With the amount of time he spends on the road, one would think that each Thundercat tour is repetitive at this point. Luckily for the artist, he’s cracked the code of touring and it’s pretty simple: Just have something new. He believes that in music – as something that is always its own entity – there are different iterations of a spectrum of being a great artist, and his favorite musicians like Jimi Hendrix and Miles Davis didn’t need elaborate choreography or lasers to be considered an all-time great. He acknowledges that music is in a different era now, but the way he sees it, it’s the energy of a performance that will translate to people. Even when he has off days just like any other human, the one thing he can do for his audience is to give it his best every single time, and he considers that as one of the best parts about being a musician. Even Beyoncé, he says, who is considered as one of the greatest performers of all time, has slip ups, such as getting stuck riding on the on-stage horse. “Things go bad, but it doesn’t mean that you stop. You know, you hit a bad note, you feel flat, you’re not feeling like your ears are keeping up with your hands or something, it’s all part of it,” he reflects. “But I think that all in all, it lives and dies on stage with you. I don’t think anybody really cared about Beyoncé not being able to get off the horse. Even if they slipped and fell and farted on stage, it would be like, ‘Oh, that was crazy, but I was there to see it.’”
Each visit to Japan is always so surreal for him, despite the fact that he made his first visit two decades ago as an 18-year-old Stephen Bruner. “My friend found photos of us from the first time I came to Japan and all my friends looked like they were part of a street breakdancing team. I looked like I drove a Nissan Skyline,” he chuckles, alluding to the famous “Godzilla” car. Thundercat’s love for Japan and its culture is well-documented, but it’s more than just an infatuation that he developed as an adult. If you asked about his childhood, many friends would describe him as that guy with a VHS of anime and clothing that definitely didn’t originate from the West. He learned a lot about the culture, its principles and different spiritual aspects through anime, and it was clearly a driving force for him in many ways. Even when he started out illustrating, his favorite thing to watch and learn about was anime because they were some of the best drawings he’d ever seen. He adds that there’s a major difference between Japanese and American culture, “[Americans] are really loud and make a lot of noise for nothing,” he states, “but the level of care and respect that you experience here is so meticulous and different than where I come from.” When he’s here, he feels more comfortable when people walk up to him because there’s such a strong sense of respect. “Back home, people just yell my name down the block and it’s just like, why would you do that?”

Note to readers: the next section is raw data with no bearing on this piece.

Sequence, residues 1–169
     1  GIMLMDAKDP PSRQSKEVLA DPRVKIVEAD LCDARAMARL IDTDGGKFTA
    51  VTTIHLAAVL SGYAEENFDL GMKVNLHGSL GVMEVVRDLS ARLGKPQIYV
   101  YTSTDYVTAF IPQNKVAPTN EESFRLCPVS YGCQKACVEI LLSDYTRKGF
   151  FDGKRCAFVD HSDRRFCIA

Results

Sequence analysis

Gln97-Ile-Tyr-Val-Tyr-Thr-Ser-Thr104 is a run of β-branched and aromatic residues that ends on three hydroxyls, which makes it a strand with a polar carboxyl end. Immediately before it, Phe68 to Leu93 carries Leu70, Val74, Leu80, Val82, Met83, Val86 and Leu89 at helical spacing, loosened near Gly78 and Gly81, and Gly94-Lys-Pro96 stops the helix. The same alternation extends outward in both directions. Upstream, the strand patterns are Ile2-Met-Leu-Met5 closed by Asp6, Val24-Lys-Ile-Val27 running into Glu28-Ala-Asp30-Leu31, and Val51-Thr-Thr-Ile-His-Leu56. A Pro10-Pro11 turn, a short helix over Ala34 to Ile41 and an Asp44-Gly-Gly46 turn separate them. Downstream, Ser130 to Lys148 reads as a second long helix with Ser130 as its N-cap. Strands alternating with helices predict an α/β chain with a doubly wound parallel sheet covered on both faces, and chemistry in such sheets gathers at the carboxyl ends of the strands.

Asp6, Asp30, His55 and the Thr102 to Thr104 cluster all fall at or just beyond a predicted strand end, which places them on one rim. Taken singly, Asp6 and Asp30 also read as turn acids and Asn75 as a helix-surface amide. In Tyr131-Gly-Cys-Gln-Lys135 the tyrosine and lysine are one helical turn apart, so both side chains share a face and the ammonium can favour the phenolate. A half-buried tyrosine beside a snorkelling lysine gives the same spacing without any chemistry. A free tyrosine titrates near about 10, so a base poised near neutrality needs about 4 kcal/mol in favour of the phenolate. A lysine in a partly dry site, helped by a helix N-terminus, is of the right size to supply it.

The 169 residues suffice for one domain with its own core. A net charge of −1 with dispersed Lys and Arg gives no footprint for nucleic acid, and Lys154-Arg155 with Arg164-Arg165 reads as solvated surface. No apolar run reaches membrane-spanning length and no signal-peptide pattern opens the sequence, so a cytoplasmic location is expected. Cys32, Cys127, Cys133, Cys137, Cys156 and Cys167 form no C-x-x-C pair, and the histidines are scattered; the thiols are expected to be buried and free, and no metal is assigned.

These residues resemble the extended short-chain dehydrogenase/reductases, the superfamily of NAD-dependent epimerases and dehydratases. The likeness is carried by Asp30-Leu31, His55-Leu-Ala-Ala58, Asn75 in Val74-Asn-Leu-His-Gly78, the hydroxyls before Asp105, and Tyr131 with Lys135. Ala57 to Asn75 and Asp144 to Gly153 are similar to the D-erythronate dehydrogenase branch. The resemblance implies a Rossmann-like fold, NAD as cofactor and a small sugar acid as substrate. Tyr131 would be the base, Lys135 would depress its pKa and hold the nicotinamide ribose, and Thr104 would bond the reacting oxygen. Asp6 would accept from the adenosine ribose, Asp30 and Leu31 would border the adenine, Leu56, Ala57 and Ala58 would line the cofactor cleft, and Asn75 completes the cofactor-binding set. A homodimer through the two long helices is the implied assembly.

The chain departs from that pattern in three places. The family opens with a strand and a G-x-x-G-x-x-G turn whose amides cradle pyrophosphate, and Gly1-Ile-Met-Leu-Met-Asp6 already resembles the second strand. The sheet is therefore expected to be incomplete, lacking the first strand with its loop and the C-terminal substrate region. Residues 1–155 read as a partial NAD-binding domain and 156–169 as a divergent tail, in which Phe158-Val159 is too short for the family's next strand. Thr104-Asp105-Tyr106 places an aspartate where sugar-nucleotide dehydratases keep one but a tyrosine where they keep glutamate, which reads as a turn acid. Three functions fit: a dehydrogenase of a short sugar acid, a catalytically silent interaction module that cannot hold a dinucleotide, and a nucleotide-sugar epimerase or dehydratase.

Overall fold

“Japan’s always been a love of mine,” Thundercat reaffirms with a soft smile. “A lot of my happiest memories, my childhood memories and the joy that I find in my personal life were created in Japan.”
“If I wasn’t touring as Thundercat, I’d be touring with Kamasi [Washington]. I’d be touring with Terrace Martin. I’d be with my friends. It’s my life’s work.”
Do you feel like your admiration and aspiration for Japanese culture extends to your fans?
Yeah, I think so. A lot of my fans, I feel like, are very similar to me. They love anime and it’s a wide variety of fans. I see a lot of different characters in the audience, from older guys with Steely Dan shirts to the kids, girls and guys and everything in between, and furries. [laughs] I love it, because I’m happy that my music reaches to different places.
Do you have any advice for people who want to visit Japan for the first time?
Advice for people visiting Japan? No, because I like to gatekeep. You find it yourself. You did this to yourself, that’s my advice.
No, just kidding. If I had advice for somebody coming to Japan, just prepare for such an experience different than you’re used to. And be respectful.
Do you have any must-visit spots for people who have never been here?
If you haven’t been to the Nintendo Center, the Pokémon Center or Shibuya PARCO, you have to go. The first time I went, I was hyperventilating and almost passed out because I’ve never seen so many plush toys. We had to ship all of them home.
If you could live in Japan permanently, why do you think you’d like to settle?